Dotted Line Dotted Line

Poetry Summer 2014    fiction    all issues


Anne Rankin-Kotchek
Letter to the World
from a Dying Woman
& other poems

Sara Graybeal
Ghetto City
& other poems

Tee Iseminger
& other poems

Lisa Beth Fulgham
After They Sold the Cows...
& other poems

Mary Mills
The Practical Knowledge
of Women
& other poems

Monika Cassel
Waldschatten, Muttersprache
& other poems

Michael Fleming
To a Fighter
& other poems

Daniel Stewart
& other poems

John Glowney
& other poems

Hannah Callahan
The Ptarmigan Suite
& other poems

Lee Kisling
How the Music Came
to My Father
& other poems

Jose A. Alcantara
Finding the God Particle
& other poems

David A. Bart
Veteran’s Park
& other poems

Greg Grummer
War Reportage
& other poems

Rande Mack
& other poems

J. K. Kitchen
Anger Kills Himself
& other poems

Jim Pascual Agustin
The Man Who Wished
He Was Lego
& other poems

Jessica M. Lockhart
Scylla of the Alabama
& other poems

James P. Leveque
Three Films of Jean Painlevé
& other poems

Kelsey Charles
& other poems

Therese L. Broderick
& other poems

Lane Falcon
& other poems

Ricky Ray
The Bird
& other poems

Phoebe Reeves
Every Petal
& other poems

David Livingstone Fore
Eternity is a very long time...
& other poems

Tim Hawkins
Northern Idyll
& other poems

Abigail F. Taylor
On the Pillow Where You Lie
& other poems

Joey DeSantis
Baby Names
& other poems

Cameron Price
Every Morning
& other poems

David Walker
Sestina for Housesitting
& other poems

Helen R. Peterson
& other poems

Kelsey Charles


He told the story like eating soup,

hot soup that steamed boiling

fresh from the stove, and we watched,

listened as he blew languid on each word

to cool it for our consumption.

“You’ve lived such an interesting life,”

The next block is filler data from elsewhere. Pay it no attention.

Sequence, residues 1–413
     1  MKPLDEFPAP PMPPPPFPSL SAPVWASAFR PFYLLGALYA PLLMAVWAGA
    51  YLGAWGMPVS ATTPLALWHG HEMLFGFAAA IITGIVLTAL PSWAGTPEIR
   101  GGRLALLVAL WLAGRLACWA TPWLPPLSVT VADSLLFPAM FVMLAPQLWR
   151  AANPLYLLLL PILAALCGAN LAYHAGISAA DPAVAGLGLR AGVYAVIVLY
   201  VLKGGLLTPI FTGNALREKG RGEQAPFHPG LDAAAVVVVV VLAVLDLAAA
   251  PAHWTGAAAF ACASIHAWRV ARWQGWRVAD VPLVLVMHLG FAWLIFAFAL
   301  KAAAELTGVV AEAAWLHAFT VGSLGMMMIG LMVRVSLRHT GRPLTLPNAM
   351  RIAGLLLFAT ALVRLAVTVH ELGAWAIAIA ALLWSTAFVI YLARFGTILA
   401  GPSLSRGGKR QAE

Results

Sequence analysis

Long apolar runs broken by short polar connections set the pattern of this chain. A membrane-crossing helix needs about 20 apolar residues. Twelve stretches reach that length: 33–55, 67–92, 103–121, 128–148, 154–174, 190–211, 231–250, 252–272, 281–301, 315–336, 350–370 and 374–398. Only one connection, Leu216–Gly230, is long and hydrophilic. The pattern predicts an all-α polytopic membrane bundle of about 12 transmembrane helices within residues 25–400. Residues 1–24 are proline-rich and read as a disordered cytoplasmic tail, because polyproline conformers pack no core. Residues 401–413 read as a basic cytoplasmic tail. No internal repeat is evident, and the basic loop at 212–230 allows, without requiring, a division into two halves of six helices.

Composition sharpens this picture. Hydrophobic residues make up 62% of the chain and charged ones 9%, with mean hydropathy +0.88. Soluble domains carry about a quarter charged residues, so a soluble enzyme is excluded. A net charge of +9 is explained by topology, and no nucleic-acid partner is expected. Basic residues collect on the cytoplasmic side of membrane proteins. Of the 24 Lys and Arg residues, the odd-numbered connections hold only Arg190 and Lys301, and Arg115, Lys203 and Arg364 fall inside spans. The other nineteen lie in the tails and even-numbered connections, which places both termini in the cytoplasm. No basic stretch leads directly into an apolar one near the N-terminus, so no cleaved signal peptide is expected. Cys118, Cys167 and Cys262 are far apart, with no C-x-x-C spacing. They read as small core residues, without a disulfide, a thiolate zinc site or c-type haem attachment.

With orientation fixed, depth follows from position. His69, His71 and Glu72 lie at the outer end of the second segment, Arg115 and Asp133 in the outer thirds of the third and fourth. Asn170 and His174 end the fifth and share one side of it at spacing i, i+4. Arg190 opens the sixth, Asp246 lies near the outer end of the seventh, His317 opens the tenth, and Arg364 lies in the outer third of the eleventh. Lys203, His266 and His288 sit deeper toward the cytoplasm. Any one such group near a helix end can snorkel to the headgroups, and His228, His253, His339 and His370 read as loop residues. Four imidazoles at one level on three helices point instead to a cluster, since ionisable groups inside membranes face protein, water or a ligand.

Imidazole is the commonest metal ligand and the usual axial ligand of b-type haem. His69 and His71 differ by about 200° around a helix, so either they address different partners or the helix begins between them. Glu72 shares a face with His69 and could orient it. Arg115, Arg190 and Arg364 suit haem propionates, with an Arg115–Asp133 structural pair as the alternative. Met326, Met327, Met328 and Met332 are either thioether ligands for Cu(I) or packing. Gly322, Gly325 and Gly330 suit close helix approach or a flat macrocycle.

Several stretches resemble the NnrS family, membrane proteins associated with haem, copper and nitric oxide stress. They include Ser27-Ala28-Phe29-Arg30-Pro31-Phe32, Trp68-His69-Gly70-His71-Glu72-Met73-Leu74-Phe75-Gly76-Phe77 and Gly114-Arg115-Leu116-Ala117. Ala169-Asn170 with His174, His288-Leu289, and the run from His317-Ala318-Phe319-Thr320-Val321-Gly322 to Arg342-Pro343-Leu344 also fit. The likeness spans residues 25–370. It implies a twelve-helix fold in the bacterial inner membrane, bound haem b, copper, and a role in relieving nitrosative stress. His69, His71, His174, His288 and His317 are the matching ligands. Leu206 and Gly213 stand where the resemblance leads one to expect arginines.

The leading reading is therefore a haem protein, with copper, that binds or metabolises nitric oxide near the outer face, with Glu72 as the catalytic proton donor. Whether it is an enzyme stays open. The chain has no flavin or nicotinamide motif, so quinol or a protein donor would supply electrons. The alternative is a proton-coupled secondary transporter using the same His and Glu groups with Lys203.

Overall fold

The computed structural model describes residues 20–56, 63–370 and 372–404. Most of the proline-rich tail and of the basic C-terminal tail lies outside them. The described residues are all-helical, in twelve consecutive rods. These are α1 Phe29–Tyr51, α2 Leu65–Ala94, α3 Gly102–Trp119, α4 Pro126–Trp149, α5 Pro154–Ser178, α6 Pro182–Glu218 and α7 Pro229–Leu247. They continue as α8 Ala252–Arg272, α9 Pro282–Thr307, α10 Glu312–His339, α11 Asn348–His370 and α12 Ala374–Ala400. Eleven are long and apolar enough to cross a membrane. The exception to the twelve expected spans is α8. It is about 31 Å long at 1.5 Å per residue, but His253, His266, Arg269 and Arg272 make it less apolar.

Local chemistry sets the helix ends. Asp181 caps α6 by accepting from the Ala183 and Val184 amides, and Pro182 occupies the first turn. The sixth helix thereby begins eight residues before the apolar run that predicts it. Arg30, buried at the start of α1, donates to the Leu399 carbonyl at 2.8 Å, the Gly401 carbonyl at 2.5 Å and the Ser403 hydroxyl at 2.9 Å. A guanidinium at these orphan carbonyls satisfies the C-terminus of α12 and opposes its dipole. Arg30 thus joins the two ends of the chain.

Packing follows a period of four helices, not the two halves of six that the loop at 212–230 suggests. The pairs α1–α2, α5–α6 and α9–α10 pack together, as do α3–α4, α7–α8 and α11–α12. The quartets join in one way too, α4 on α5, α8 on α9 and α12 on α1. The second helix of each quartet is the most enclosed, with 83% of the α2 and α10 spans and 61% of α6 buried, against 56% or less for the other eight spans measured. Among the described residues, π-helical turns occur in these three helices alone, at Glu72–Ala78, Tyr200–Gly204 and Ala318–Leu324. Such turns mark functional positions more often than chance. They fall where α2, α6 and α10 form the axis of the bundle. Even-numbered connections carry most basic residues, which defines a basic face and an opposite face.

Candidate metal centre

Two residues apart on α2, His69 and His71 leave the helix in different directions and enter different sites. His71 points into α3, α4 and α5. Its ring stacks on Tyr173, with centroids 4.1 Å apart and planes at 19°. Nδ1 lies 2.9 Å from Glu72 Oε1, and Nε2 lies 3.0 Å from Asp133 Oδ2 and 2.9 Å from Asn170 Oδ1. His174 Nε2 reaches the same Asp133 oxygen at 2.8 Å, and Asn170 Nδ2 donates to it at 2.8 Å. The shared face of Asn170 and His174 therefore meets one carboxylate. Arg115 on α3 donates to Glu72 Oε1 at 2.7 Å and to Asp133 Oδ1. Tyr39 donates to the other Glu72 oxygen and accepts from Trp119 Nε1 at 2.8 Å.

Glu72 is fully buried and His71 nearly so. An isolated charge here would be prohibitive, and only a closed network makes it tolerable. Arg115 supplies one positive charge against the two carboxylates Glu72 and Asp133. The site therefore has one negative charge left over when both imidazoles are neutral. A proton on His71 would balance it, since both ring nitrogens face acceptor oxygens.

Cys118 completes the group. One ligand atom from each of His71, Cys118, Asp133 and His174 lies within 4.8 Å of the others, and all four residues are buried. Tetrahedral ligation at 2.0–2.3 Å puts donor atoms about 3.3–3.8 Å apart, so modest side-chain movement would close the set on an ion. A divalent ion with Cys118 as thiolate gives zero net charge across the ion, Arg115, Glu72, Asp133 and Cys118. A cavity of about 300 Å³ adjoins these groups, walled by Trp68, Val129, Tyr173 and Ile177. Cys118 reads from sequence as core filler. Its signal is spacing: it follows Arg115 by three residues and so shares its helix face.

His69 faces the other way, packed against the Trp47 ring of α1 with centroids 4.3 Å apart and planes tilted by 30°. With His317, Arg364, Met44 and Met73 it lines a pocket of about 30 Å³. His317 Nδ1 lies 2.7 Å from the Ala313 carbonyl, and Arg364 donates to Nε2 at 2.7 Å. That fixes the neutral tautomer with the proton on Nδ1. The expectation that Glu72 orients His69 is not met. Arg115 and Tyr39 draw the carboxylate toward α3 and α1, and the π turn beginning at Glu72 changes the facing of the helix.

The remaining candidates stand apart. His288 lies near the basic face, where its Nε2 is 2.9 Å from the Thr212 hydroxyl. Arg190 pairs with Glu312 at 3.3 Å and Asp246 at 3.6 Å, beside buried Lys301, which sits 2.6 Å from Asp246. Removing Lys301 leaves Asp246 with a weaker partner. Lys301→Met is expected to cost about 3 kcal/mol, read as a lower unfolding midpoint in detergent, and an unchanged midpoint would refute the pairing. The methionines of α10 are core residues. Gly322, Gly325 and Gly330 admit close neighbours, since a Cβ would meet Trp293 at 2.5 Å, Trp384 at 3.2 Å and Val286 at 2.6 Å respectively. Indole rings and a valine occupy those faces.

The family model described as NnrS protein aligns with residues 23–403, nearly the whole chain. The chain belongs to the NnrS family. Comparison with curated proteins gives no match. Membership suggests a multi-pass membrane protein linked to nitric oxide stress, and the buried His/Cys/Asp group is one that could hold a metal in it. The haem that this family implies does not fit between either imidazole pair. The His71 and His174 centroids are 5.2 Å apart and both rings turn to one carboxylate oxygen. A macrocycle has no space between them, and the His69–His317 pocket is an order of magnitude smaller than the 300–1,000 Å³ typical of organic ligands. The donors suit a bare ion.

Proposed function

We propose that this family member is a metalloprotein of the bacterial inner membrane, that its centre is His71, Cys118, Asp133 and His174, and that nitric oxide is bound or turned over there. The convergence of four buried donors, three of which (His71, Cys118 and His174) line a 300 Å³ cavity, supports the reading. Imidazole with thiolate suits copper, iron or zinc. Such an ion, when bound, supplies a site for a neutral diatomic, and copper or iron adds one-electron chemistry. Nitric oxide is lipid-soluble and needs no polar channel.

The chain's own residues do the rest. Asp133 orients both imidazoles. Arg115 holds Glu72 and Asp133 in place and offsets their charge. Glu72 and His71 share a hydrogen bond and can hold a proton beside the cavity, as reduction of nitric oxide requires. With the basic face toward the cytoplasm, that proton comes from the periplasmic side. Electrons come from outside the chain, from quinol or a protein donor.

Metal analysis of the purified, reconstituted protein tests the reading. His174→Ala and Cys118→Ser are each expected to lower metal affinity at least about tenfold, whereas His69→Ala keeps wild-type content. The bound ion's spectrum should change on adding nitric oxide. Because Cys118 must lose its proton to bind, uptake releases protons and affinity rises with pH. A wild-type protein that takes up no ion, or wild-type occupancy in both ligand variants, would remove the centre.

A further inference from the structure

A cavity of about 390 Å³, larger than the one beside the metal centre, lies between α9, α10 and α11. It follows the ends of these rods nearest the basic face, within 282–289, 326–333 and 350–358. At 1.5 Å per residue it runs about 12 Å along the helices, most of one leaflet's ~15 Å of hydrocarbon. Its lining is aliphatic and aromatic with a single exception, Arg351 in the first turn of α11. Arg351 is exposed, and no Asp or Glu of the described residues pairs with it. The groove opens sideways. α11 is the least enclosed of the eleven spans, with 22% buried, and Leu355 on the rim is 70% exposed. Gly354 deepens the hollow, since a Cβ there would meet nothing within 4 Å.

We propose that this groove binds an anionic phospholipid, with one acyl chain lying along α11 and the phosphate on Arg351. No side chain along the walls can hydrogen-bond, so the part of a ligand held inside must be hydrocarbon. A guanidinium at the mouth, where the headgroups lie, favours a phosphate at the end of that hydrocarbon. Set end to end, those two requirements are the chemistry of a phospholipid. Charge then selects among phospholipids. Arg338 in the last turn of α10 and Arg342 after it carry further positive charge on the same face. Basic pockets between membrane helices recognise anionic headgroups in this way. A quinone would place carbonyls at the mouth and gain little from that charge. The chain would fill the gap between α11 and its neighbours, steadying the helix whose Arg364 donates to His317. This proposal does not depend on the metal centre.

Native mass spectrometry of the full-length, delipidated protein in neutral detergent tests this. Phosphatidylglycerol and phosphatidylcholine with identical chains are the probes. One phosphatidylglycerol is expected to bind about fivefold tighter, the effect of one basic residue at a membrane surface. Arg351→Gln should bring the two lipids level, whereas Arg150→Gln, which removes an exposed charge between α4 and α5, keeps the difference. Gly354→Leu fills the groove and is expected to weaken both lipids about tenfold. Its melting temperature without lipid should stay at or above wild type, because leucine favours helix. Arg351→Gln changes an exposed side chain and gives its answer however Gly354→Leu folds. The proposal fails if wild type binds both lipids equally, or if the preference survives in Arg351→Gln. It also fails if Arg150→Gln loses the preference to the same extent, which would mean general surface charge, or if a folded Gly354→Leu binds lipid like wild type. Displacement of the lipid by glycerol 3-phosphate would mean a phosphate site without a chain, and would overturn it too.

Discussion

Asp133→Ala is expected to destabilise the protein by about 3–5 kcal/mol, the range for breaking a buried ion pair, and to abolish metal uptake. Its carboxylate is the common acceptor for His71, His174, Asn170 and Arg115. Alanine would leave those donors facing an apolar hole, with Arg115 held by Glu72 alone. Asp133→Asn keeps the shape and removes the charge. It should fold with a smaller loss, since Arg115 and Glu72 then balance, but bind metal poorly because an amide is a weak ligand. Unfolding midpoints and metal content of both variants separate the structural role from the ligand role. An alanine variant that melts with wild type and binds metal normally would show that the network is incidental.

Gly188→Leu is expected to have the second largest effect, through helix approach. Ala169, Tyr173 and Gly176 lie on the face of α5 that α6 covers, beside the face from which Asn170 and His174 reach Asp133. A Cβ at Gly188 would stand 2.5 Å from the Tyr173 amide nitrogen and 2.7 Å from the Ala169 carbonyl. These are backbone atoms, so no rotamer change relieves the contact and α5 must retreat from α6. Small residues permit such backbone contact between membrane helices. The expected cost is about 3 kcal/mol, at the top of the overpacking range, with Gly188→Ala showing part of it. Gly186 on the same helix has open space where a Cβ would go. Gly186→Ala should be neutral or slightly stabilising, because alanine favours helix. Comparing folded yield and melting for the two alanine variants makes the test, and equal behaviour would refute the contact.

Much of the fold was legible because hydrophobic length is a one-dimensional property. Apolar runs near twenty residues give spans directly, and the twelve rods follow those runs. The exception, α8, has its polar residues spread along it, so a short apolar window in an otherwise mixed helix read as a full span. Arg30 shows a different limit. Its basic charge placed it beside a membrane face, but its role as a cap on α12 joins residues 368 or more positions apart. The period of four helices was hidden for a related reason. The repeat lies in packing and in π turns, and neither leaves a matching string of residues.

I said, I hovered in my admiration, waiting

for him to continue. But he stopped,

told me my life was just as interesting

and smiled knowingly.

He went back to his soup. I hung

on his words waiting for resolution.

Paris, stolen kiss, the graveyard,

the subway, the walk, the loss and escape

from commitment. By the end,

I was full. I knew the meat was in the telling.

Fishing with Teddy

The man could not keep quiet as he cast his line,

pulled it back in, and cast it again without regard for finesse.

Teddy said, “I don’t understand why the damned fish

don’t like my bait.” I didn’t tell him they never had a chance to see it.

I offered to bring beer, but Teddy brought whisky—

“there’s no point in half-assing it.” It being getting drunk.

I imagine for Teddy fishing was a mythical romp of triumph

over the small brained swimmer, ending with a feast of his foe.

There was no waiting. Teddy didn’t wait. For ten minutes he yo-yoed

his line in the water, never letting it rest. He asked “Are there

fish in this river? I don’t think they’re there.” And he fidgeted:

crossed his legs, stood up, sat down, stretched an arm, formed a fist.

When he put down his rod, I knew there was trouble.

He went between the trees and broke off a branch the size of a bat.

I ducked as he took a few swings and argued when he stripped his pants.

He waded in like a hungry bear, and finally was still. Five minutes.

I jumped when the splash came, I hadn’t seen him move,

but Teddy swung away and the fish flopped on the bank